HUNGARIAN prime minister Viktor Orbán was heading for a third consecutive term last night - and fourth overall - in national elections. The right-wing nationalist Jobbik party placed second with 26 seats, while a Socialist-led, left-wing coalition ran third with 20.
Voters were not allowed to join queues at polling stations after 1700 GMT, but some polling stations stayed open to allow those already in line to cast their ballots.
Preliminary results are expected one or two hours after voting ends.
This is the two-thirds control of the 199-seat legislature that allowed Fidesz to pass controversial laws putting pressure on the judiciary and the press.
Voter turnout for Hungary's parliamentary election hit a record high Sunday, according to the Hungarian Free Press.
A high turnout in a 2002 vote consigned Orban to eight years of opposition.
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What are Viktor Orban's policies?
Speaking at a recent campaign rally, Orban accused the European Union of "trying to take away our country".
Critics say Orban has put Hungary on an increasingly authoritarian path and his stance on immigration has fuelled xenophobia. In response, Hungary built a fence along its border with Serbia and Croatia to keep them out. Since then his government has enacted a series of laws to control migration, and his tough measures have been sharply criticised by the United Nations.
An Orban victory will also provide a fillip for other nationalist politicians and those on the far-right who look to him as an inspiration.
If Orban wins again, he is expected to continue his economic policies, with income tax cuts and incentives to boost growth.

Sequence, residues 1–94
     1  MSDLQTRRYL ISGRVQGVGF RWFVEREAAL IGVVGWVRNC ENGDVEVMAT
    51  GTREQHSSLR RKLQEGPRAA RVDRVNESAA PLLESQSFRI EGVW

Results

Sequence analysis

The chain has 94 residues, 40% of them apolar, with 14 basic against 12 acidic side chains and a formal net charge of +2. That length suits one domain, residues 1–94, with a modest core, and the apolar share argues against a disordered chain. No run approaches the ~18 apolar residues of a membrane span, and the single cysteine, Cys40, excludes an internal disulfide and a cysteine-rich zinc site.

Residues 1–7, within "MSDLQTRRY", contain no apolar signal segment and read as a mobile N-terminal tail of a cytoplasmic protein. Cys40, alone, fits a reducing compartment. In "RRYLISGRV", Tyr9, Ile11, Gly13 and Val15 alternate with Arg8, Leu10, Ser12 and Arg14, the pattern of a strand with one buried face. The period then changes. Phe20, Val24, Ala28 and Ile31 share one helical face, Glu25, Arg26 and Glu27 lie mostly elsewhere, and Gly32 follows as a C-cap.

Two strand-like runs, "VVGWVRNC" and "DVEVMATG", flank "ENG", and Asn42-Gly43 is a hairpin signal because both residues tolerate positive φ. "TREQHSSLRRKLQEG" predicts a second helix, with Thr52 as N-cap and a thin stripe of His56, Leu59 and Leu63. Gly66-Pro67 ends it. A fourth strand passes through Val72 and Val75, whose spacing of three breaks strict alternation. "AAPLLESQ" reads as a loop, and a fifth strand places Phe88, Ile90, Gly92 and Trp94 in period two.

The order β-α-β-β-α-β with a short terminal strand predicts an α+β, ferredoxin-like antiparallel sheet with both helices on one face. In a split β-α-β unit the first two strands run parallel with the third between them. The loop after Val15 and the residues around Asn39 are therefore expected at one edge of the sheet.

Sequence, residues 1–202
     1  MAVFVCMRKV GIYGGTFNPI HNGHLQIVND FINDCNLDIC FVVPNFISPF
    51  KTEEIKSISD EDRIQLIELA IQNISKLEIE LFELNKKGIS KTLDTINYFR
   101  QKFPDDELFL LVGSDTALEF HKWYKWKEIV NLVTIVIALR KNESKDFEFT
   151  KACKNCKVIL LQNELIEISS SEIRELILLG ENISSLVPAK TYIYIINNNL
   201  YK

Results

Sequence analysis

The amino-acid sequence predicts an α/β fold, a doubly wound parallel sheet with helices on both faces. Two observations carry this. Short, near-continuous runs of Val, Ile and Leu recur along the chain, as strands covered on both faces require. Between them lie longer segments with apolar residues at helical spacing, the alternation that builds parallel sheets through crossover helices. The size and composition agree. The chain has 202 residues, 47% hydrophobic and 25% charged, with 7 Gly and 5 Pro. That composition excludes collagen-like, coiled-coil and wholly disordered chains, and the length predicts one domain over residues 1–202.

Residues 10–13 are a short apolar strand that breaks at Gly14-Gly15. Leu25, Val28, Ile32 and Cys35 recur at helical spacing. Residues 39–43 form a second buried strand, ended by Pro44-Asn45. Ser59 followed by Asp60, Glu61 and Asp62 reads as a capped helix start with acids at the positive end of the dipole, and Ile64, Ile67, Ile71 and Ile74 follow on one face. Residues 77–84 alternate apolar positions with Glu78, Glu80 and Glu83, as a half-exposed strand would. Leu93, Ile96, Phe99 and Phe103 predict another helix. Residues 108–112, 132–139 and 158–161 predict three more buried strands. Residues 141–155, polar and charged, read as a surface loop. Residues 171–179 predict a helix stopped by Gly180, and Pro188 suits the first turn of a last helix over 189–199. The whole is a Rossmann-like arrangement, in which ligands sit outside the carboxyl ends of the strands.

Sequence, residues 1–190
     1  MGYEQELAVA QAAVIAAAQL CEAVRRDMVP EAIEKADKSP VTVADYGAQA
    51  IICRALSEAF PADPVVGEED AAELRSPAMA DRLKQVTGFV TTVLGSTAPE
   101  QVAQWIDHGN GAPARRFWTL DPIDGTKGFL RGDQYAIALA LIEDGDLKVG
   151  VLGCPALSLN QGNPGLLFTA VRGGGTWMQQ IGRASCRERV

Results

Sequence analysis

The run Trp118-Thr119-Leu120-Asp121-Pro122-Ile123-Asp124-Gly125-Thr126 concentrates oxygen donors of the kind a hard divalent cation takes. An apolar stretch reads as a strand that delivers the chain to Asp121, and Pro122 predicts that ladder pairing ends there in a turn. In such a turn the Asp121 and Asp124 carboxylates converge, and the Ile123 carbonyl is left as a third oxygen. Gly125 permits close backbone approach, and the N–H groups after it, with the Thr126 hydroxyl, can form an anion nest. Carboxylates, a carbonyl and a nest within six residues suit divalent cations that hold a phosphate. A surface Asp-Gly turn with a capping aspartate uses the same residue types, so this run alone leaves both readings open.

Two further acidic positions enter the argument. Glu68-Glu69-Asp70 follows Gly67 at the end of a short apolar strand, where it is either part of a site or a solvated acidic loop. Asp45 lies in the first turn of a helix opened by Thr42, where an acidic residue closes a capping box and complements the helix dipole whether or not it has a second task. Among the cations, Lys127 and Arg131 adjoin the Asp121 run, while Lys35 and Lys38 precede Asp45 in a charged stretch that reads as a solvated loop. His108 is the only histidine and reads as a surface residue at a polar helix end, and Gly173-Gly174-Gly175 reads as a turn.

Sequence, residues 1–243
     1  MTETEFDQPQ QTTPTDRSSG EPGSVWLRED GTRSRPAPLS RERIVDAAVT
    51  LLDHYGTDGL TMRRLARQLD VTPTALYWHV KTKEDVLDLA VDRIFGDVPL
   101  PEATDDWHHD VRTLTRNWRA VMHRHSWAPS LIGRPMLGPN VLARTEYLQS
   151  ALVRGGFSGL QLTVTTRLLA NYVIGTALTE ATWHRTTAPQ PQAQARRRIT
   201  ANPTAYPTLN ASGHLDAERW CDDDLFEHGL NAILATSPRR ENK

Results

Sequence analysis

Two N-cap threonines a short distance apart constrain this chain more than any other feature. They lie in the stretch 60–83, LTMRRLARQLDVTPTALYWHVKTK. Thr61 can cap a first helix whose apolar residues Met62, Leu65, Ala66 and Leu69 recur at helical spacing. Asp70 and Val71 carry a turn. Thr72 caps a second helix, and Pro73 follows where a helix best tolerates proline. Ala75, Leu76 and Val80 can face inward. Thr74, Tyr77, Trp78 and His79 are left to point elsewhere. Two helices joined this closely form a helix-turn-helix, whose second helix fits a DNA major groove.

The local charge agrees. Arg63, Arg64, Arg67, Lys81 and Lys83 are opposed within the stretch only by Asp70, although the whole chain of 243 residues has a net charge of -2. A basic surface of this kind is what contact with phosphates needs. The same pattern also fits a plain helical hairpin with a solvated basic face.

His administration has presided over strong economic growth which, he says, would be threatened under the opposition.
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A strong showing for Orban will be welcomed by admirers on the far-right in Europe, such as France's Marine Le Pen, and beyond.
Analysts, however, were more cautious about the significance of the turnout.
The centre-left Socialists meanwhile were on 14% in Friday's poll and not thought to pose a threat to Fidesz.
However, his message struck a chord with some voters, such as pensioner Ilona Gubacsi, who said she hoped the result would mean "no migrants coming to Hungary and for things to remain as they are". It had been considered a Fidesz stronghold.
The rightwing nationalist prime minister projected himself as a saviour of Hungary's Christian culture against Muslim migration into Europe, an image which resonated with millions of voters, especially in rural areas.
Senior EPP leaders have themselves courted controversy by wishing Orban luck ahead of the poll.
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